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From Health Law Daily, April 29, 2014

Termination of MaineCare for ineligible aliens not a constitutional violation of rights

By Melissa Skinner, JD

The termination of MaineCare, Maine’s Medicaid programs, to certain aliens that are ineligible for federally-funded Medicaid was not a violation of constitutional rights under the equal protection clause. The First Circuit affirmed a district court’s refusal to grant a preliminary injunction for aliens in Maine whose benefits were termination based on the finding that the matter would not succeed on the merits. Previously, MaineCare made medical benefits available to aliens that were made ineligible for federally- funded Medicaid by Congress with the implementation of the Personal Responsibility and Work Opportunity Reconciliation Act of 1996 (PRWORA) (P.L. 104-193). The challenge of the termination of state-based benefits to aliens was rejected because the aliens who lost their benefits could not prove they had been treated differently than similarly situated individuals since the court found that the two programs—one that provided traditional Medicaid benefits to citizens and one that provided state-based benefits to PRWORA ineligible aliens—were separate and distinct (Bruns v Mayhew, April 28, 2014, Howard, J).

PRWORA. In 1996, Congress passed PRWORA, which had the effect of restricting certain ineligible aliens from obtaining Medicaid funds, including those which did not meet a five-year residency requirement. While the federal government mandated that states adopt the PRWORA limitations with regard to federal Medicaid funds, it allowed states to continue to extend benefits to those ineligible under PRWORA with state funds.

MaineCare. In 1997, Maine passed a law which extended state-funded medical benefits to aliens that were excluded from receiving traditional Medicaid under PRWORA. The benefits were purely state funded but were administered through MaineCare alongside the distribution of federally funds to citizens. In 2011, the Maine legislature terminated the extension of these state-funded benefits, which essentially repealed the 1997 law.

Challenge. Hans Bruns and Kadra Hassan filed suit against Maine’s Department of Health and Human Services and its Commissioner, Mary Mayhew, in her official capacity (DHHS) challenging the termination of the extension of benefits to PRWORA-exempted aliens. Specifically, Bruns and Hassan alleged that the termination of the benefits constituted a violation of the equal protection clause in that it provided for the continuation of benefits to citizens but terminated the availability of those benefits to certain aliens, who were similarly-situated individuals. The district court denied Bruns and Hassan’s request for a preliminary injunction finding that the matter was unlikely to succeed on its merits and that they had not established a potential for irreparable harm. The district court found that MaineCare “effectively operated two separate medical assistance programs and that the… PRWORA-ineligible aliens receiving separately-funded benefits from a state program, were not similarly situated to recipients of federal Medicaid.”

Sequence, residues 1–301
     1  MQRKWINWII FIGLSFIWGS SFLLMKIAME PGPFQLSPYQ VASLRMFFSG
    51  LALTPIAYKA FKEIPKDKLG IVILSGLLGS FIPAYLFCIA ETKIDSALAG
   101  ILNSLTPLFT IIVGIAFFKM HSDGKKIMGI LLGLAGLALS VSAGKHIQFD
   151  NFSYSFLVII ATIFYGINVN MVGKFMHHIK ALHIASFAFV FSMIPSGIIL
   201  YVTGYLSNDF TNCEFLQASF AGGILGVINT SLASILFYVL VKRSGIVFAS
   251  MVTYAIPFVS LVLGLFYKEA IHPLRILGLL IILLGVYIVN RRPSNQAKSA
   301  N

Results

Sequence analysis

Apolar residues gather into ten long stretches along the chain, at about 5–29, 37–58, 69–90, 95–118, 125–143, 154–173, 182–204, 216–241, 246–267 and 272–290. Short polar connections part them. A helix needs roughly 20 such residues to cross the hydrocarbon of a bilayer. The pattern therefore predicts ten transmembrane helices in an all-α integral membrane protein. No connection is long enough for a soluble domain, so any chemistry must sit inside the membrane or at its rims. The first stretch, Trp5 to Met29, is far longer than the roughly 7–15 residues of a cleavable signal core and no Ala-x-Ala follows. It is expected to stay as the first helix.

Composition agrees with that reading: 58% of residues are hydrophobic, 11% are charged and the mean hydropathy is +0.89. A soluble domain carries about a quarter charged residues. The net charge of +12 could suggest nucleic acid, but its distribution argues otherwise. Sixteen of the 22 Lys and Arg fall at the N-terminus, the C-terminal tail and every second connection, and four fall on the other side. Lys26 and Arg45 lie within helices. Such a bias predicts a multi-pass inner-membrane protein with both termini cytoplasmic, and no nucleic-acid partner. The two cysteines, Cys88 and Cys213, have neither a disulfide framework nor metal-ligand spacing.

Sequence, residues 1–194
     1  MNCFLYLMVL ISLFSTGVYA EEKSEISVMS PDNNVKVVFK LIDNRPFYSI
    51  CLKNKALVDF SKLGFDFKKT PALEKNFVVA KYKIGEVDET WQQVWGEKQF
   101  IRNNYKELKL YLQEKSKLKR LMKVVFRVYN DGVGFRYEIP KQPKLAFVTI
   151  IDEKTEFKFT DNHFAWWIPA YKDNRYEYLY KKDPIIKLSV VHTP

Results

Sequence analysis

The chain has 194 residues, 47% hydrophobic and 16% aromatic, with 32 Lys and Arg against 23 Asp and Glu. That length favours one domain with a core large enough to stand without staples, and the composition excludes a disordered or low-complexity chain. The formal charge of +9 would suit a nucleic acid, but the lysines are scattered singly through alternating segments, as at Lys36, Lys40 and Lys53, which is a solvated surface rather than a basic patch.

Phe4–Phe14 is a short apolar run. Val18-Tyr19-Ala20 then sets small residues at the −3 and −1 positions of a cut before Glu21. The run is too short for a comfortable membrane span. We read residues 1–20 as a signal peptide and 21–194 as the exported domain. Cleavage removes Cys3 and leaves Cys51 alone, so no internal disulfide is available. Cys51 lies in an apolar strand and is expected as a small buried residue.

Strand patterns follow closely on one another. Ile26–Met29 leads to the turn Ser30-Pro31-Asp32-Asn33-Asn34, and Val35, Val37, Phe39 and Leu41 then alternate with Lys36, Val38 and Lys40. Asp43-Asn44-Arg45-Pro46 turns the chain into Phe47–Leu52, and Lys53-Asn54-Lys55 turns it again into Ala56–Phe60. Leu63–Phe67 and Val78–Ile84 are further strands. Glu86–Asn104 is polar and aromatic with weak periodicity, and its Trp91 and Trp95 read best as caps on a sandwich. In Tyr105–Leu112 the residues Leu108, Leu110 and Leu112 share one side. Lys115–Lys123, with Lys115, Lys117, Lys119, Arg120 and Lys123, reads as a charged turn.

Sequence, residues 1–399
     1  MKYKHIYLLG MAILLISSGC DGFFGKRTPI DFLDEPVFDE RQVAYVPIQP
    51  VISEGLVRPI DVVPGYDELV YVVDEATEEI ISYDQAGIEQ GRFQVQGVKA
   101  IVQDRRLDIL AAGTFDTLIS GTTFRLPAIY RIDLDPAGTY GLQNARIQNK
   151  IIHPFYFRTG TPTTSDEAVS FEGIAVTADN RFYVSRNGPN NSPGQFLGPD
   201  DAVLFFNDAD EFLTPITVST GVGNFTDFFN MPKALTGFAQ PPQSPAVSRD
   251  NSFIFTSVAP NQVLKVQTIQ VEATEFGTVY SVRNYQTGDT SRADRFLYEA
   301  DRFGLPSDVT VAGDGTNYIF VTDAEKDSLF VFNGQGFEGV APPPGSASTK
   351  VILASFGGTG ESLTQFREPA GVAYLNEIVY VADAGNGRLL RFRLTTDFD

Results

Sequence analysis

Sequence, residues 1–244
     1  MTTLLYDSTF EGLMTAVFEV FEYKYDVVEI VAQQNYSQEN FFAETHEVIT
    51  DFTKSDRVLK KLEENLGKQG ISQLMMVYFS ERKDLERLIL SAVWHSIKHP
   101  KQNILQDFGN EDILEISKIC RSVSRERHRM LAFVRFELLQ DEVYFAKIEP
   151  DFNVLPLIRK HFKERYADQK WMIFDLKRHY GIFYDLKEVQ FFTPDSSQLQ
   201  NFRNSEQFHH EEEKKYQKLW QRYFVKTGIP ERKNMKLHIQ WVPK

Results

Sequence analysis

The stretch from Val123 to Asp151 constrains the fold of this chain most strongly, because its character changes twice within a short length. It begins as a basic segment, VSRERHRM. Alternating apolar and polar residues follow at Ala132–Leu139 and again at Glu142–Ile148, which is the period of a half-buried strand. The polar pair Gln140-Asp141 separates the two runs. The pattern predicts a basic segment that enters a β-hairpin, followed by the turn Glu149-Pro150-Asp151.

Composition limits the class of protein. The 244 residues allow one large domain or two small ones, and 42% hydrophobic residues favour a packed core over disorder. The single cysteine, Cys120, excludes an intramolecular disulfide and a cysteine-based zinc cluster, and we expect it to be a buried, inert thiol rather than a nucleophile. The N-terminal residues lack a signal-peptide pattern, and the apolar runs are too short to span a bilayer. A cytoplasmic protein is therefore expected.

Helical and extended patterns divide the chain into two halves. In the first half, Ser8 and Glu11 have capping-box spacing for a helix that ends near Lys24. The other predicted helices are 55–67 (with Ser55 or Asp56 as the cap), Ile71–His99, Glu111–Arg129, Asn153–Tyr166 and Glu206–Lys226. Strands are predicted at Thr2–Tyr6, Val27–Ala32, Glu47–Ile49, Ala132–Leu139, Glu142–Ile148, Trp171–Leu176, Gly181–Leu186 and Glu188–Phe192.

Preliminary Injunction. The First Circuit agreed with the district court’s reasoning and affirmed its denial of the preliminary injunction based on the analysis that revealed the PRWORA-ineligible aliens were not similarly situated individuals because MaineCare maintained separate and distinct programs. The court noted that typically any classification based on alienage is suspect and must withstand strict scrutiny. Yet strict scrutiny did not apply in this scenario because: (1) PRWORA was a congressional act that distinguished on the basis of alienage and was predicated on immigration policy and (2) the court agreed with the separate and distinct programs under MaineCare that excluded the termination of benefits to aliens from scrutiny because the citizens and aliens were not considered similarly situated individuals. Although Bruns and Hassan argued that MaineCare was a single-state health care program, the court ultimately found that the public perception and common administration of MaineCare as a single program was not indicative of its true nature. Thus, when Maine terminated the benefits to PRWORA exempt aliens it only deprived those recipients and no other individuals retained those benefits. As such, the First Circuit affirmed the denial of the preliminary injunction and remanded to the district court for dismissal. Similarly, the Ninth Circuit recently ruled that the equal protection rights of “nonimmigrant aliens” were not violated when Hawai’i created a health benefit plan with fewer benefits for the class.

The case number is 13-1456.

Attorneys: Jennifer A. Archer (Kelly Remmel & Zimmerman) for Hans Bruns. Justin B. Barnard, Maine Attorney General's Office, for Mary C. Mayhew in her official capacity.

Companies: Maine Department of Health and Human Services

MainStory: TopStory EligibilityNews MedicaidNews CMSNews CoverageNews MaineNews MassachusettsNews NewHampshireNews PuertoRicoNews RhodeIslandNews

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